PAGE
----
Narrow cobbled streets lined with overflowing tapas bars, world-class museums brimming with Spanish masterpieces, pristinely manicured parks packed with picnickers… Madrid is a city that’s hard not to love.
While a guidebook or a quick Google search will tell you what buildings to look at or which squares to stroll through, to really get to know Madrid you have to know not just what to see, but how to see it. This list of top sights in Madrid will help you see the best of the Spanish capital—from the iconic attractions to the best hidden gems.
1. Royal Palace
With more than 3,000 rooms, Madrid’s Palacio Real is one of the largest palaces in Europe. The imposing building was constructed in the mid-1700s on the site of a Moorish fortress from the ninth century. While Spain’s royal family does not live in the palace, it remains their official residence and is used ceremonially.
This giant palace commands attention. It stands a garden apart from Madrid’s opera house in the center of the city. Inside, the grandiose décor and architecture are absolutely worth the €12 entrance fee. You’ll soon see why this impressive palace is one of the top sights in Madrid!
Stroll through the Throne Room, where red golden lions guard the thrones of the Spanish king and queen. Gaze down the extravagant banquet hall, where the table seats 120 for official state dinners. And on your way out, explore the royal armory, where knights in shining armor and their steel-plated horses glisten with impressive antiquity.
2. Prado Museum
The sprawling Prado Museum is home to some of the most renowned pieces of Spanish art, from Velazquez’s”Las Meninas” to Goya’s “The Third of May 1808.” Drawing an estimated 3 million visitors per year, it’s earned its spot as one of the most-visited museums in the world. Thousands of works of art, most of which date from the 12th through the 19th century, are on display at the Prado.
The Prado is especially famous as the home of some great masterpieces of Spanish, Flemish and Italian art. Strolling through its impressive corridors, you’ll find windows into Spanish history, portals to past centuries and glimpses of both heaven and hell. Set aside at least half a day to explore the Prado—it’s absolutely worth it!
3. Royal Botanical Gardens
Next to the Prado Museum, Madrid’s Royal Botanical Garden features a pristinely designed web of more than 5,000 plant species from around the globe. The Gardens celebrated their 250th anniversary in 2005 and now cover over 7,000 square meters.
Here, you’ll find two greenhouses, more than 100 types of bonsai trees, expansive beds of exotic flowers, archways of wine grapes, paths lined with dozens of varieties of olive trees, and even tomatoes that grow on trees! If that’s not worth a visit, we don’t know what is. It’s easily one of the most beautiful top sights in Madrid.
Madrid is the Spanish city where you should see flamenco. Why? Because it’s where the best dancers come to make a name for themselves!
Flamenco originated in Andalusia, but Spaniards know that Madrid is home to the best tablaos. In them, you’ll see some of the best flamenco dancers in Spain put on an amazing performance of passion and soul. It’s no question why an excellent flamenco performance is one of the top sights in Madrid.
A good flamenco show is so much more than what most people expect. Strumming guitars, soulful singing, rhythmic clapping, and the staccato snap of heels on a hardwood stage make up the classic soundtrack of Spain’s most famous art form.
5. Reina Sofia Museum
The Reina Sofia is Madrid’s most famous contemporary art museum, showcasing the works of Picasso, Miró and Dalí, among others. The museum was formerly Madrid’s General Hospital and was renovated in the 1980s to become the museum it is today.
We can sum up why this is one of the top sights in Madrid in two words: Picasso’s “Guernica.” This spectacular work of art hangs alone in a white-walled room, covering an entire wall with its grayscale intensity. The painting depicts the moment in which Nazi bombs fell upon the civilian town of Guernica in northern Spain during the Spanish Civil War.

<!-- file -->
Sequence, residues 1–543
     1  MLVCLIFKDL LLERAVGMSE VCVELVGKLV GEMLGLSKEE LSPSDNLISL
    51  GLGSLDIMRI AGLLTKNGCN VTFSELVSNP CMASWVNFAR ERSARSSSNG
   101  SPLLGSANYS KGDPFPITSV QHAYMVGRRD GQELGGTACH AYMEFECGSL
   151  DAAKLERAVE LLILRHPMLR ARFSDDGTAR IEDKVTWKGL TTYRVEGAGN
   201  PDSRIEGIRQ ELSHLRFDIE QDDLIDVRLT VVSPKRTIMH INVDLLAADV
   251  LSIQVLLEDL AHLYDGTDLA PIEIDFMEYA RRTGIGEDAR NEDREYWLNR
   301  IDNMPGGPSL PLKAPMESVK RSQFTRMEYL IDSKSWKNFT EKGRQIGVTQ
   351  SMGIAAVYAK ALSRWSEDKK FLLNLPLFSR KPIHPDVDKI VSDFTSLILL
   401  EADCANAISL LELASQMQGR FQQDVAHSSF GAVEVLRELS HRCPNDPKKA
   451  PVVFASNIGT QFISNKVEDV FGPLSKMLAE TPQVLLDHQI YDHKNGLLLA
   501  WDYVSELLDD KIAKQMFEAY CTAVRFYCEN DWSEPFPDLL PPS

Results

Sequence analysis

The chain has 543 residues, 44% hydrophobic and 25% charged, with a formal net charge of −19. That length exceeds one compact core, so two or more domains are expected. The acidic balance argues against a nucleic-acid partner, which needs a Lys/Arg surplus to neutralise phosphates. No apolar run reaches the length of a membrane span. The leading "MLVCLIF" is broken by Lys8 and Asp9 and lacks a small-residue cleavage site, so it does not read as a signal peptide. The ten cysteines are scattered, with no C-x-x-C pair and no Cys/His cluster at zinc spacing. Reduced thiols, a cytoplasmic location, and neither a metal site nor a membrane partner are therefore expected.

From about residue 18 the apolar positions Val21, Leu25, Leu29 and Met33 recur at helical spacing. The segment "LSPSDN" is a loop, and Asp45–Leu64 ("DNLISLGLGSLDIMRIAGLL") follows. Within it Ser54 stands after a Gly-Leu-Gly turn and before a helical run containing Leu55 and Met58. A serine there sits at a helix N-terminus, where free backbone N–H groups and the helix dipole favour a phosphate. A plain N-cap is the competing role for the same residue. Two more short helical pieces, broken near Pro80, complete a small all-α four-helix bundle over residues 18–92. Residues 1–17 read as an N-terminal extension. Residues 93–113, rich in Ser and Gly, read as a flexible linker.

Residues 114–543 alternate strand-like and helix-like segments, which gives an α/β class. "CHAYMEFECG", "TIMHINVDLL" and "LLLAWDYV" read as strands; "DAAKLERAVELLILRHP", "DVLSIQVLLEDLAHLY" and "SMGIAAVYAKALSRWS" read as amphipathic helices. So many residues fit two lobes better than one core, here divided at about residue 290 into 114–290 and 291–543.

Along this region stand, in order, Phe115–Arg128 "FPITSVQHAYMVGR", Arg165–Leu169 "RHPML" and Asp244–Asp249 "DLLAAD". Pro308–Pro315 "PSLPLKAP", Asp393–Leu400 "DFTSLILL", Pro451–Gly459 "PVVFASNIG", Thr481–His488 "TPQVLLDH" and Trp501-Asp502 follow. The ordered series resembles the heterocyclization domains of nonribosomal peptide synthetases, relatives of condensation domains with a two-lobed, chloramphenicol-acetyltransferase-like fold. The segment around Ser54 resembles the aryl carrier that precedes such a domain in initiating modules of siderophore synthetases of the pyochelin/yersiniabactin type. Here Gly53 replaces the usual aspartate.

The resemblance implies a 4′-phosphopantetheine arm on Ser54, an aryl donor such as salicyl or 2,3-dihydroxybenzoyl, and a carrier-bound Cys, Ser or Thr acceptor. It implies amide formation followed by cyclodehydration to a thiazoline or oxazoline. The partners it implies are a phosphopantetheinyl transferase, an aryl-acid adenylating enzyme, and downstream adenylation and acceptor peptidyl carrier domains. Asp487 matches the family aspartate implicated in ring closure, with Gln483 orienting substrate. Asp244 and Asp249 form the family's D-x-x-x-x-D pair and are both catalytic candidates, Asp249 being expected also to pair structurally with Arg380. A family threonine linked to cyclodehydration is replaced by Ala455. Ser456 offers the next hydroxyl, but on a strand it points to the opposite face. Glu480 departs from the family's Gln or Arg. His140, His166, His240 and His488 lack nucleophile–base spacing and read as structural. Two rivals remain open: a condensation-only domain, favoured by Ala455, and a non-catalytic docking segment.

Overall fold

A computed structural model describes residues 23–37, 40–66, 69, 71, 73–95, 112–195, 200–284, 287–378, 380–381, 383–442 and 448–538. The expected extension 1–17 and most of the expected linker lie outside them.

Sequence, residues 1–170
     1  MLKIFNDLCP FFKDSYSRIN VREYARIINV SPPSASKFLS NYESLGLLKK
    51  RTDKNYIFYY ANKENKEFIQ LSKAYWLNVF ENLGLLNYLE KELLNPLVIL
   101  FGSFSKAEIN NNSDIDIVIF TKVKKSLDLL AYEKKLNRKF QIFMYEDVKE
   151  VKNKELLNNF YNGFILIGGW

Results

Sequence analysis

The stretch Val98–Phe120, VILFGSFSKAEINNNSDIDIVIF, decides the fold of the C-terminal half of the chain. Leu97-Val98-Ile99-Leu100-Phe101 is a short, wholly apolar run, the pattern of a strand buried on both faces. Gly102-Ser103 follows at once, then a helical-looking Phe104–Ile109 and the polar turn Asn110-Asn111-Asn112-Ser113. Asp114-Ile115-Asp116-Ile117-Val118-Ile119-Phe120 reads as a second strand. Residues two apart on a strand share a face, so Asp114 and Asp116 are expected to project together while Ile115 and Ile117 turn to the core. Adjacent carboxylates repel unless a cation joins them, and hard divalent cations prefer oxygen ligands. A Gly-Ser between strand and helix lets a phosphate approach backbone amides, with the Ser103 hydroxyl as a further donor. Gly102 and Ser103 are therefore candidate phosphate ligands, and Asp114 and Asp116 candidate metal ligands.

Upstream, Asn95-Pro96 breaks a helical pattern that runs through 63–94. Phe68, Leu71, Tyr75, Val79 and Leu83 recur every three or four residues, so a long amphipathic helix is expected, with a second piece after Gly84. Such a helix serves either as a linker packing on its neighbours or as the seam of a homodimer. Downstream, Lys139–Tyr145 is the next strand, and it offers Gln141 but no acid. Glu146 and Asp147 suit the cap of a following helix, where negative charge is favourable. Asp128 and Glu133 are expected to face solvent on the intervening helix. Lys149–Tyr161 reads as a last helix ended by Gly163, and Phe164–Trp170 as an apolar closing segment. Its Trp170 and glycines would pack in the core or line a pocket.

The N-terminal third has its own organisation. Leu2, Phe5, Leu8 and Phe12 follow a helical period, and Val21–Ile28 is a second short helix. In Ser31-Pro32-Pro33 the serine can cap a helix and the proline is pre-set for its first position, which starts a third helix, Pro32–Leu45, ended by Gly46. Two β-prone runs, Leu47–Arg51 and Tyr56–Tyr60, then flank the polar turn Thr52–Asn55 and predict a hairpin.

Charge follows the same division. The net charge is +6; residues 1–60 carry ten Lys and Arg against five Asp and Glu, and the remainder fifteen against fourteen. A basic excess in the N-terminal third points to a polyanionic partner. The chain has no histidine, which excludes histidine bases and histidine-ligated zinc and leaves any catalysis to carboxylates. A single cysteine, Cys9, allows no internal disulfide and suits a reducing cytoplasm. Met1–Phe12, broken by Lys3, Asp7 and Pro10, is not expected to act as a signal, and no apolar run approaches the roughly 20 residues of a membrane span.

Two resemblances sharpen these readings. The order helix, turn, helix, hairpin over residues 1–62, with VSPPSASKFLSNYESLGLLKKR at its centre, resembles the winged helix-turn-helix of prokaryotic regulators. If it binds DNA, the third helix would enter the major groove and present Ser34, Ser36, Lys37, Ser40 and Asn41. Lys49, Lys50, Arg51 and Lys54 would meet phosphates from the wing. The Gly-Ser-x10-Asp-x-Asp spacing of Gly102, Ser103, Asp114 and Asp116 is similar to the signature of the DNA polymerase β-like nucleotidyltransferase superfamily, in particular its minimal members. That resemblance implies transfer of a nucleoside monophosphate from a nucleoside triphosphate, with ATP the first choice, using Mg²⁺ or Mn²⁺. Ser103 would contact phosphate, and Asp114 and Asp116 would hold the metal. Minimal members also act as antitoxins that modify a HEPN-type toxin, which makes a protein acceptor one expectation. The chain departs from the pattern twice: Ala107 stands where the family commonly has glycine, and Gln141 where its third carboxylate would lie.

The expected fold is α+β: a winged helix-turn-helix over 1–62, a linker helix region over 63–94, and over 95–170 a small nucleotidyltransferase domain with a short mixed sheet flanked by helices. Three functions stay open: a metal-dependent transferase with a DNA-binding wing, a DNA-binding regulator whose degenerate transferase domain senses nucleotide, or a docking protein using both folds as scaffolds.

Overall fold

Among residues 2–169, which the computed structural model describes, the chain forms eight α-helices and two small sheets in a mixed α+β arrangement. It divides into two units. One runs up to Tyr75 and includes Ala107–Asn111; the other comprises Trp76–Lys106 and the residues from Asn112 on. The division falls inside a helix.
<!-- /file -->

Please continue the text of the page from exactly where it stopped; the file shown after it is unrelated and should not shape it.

Don’t miss the adjoining room to the famous painting, which is filled with the sketches Picasso made of the many shapes and characters that he would eventually paint into “Guernica.” These two rooms alone make the Reina Sofia one of the must-see museums in Madrid.
6. Mercado de San Miguel
One of Madrid’s most modern food markets, the Mercado de San Miguel is a beehive of Spanish cuisine, buzzing with tapas eaters and wine drinkers at all hours of the day and night. Dozens of vendors dish up delicacies from across the country. You’ll find octopus from Galicia, cured ham from Andalusia, and wine from Rioja all under one roof.
The market is often packed with visitors from around the world. However, the array of food and drinks that you’ll find here is, by and large, Spanish. Despite its status as a tourist hotspot, there’s no better place to start your exploration of Spanish food all under one roof.
The tapas are scrumptious, the atmosphere is festive, and the wine, beer and vermouth are delicious and reasonably priced. What more could you want for a Madrid evening?
7. Retiro Park
Created in the 16th century as a refuge of leisure and beauty for Spanish royalty, Retiro Park is a sanctuary from the bustling streets of Madrid. The 350-acre green space is the largest in the city center and one of the most famous parks in Madrid. It boasts an array of gardens, tree-lined paths, running circuits, sports areas and prime picnic spots.
Pristinely manicured rose gardens, winding footpaths beneath canopies of chestnut trees, and clusters of kid-friendly playgrounds are reason enough to visit Retiro Park. Be sure to rent a rowboat on the small man-made lake or stop and ponder the only statue of the devil in all of Spain, “El Ángel Caído.” If the sun is shining, as it often is here in Madrid, Retiro is the place to be.
8. La Latina & Calle Cava Baja
The La Latina district is located in the oldest part of the city. Ninth-century Islamic city walls used to stand here long before Madrid became Spain’s capital. Today, its laid-back, bohemian vibe and fantastic food scene make it one of the top sights in Madrid.
On Sunday mornings, the district is home to what is undeniably Madrid’s most famous flea market, El Rastro (more on that in a bit). During the evenings it is equally packed, but with madrileños grabbing a bite to eat and taking a tapas crawl with friends. There are plenty of great places to eat in La Latina, and many of them are concentrated on or near a single legendary street.